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Comment & Response |

Comparing Painful Stimulation vs Rest in Studies of Pain—Reply ONLINE FIRST

Tim V. Salomons, PhD1
[+] Author Affiliations
1School of Psychology and Clinical Language Sciences, Centre for Integrative Neuroscience & Neurodynamics, University of Reading, Reading, England
JAMA Neurol. Published online August 29, 2016. doi:10.1001/jamaneurol.2016.2992
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In Reply We thank Büchel and colleagues for their letter, and we are pleased to see that their considerations are based on a viewpoint almost entirely in agreement with our own. Their statement that pain matrix responses generated using traditional analysis methods and experimental designs are “confounded by unspecific effects” is a concise summary of our letter1 and a theme of much of our previous work.2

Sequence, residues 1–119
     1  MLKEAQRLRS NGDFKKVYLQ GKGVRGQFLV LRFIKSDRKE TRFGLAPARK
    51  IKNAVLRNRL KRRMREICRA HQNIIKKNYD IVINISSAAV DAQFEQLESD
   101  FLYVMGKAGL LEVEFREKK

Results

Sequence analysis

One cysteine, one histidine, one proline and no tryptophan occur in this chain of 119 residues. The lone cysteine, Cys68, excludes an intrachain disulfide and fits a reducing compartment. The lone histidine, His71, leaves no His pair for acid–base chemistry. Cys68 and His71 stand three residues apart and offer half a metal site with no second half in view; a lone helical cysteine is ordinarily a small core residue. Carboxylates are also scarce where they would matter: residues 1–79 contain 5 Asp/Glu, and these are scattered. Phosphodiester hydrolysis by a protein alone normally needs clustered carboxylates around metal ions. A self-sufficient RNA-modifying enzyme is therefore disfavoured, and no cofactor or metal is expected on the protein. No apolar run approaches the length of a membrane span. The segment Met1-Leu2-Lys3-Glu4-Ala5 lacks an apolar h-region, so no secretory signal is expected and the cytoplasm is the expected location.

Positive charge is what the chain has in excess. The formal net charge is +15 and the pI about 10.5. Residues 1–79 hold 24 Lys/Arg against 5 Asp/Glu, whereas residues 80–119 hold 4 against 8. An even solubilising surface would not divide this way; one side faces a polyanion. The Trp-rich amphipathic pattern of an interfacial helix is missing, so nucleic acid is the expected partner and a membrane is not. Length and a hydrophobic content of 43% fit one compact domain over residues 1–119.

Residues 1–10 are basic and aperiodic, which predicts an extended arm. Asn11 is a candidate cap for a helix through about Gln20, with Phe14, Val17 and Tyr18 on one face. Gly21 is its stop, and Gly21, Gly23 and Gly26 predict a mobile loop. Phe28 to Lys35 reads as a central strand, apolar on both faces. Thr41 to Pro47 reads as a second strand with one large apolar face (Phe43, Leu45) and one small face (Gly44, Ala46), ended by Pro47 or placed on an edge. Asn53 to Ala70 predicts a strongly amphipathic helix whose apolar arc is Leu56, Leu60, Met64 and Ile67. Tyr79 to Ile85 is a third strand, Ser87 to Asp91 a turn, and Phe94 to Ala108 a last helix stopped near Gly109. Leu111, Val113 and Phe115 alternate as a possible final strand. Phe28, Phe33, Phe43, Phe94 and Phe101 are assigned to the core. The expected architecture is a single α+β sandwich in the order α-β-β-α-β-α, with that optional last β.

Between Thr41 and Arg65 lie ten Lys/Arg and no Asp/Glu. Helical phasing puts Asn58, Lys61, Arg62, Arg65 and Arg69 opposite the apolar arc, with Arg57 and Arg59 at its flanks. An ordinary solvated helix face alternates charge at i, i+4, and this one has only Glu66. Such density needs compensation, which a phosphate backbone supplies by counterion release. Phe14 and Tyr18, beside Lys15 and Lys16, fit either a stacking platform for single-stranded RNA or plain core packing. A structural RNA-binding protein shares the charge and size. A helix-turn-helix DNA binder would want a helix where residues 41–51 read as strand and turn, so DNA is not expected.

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Figure.
Pain Matrix Responses in a Reverse Inference Mask of Pain

A, Red indicates Neurosynth-based pain matrix (reverse inference, feature set pain; N = 420 studies). Blue indicates conjunction of control individuals’ responses to noxious stimulation. B, Activation levels (z scores) of single participants within the pain matrix. C, Neurosynth-based pain matrix (red) and conjunction of patients’ responses to noxious stimulation (yellow). ACC indicates anterior cingulate cortex.

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August 29, 2016
Christian Büchel, MD; Stephan Geuter, PhD; Christian Sprenger, MD
1Department of Systems Neuroscience, University Medical Center Hamburg-Eppendorf, Hamburg, Germany
2Institute of Cognitive Science, University of Colorado Boulder
JAMA Neurol. Published online August 29, 2016.;():. doi:10.1001/jamaneurol.2016.2989.
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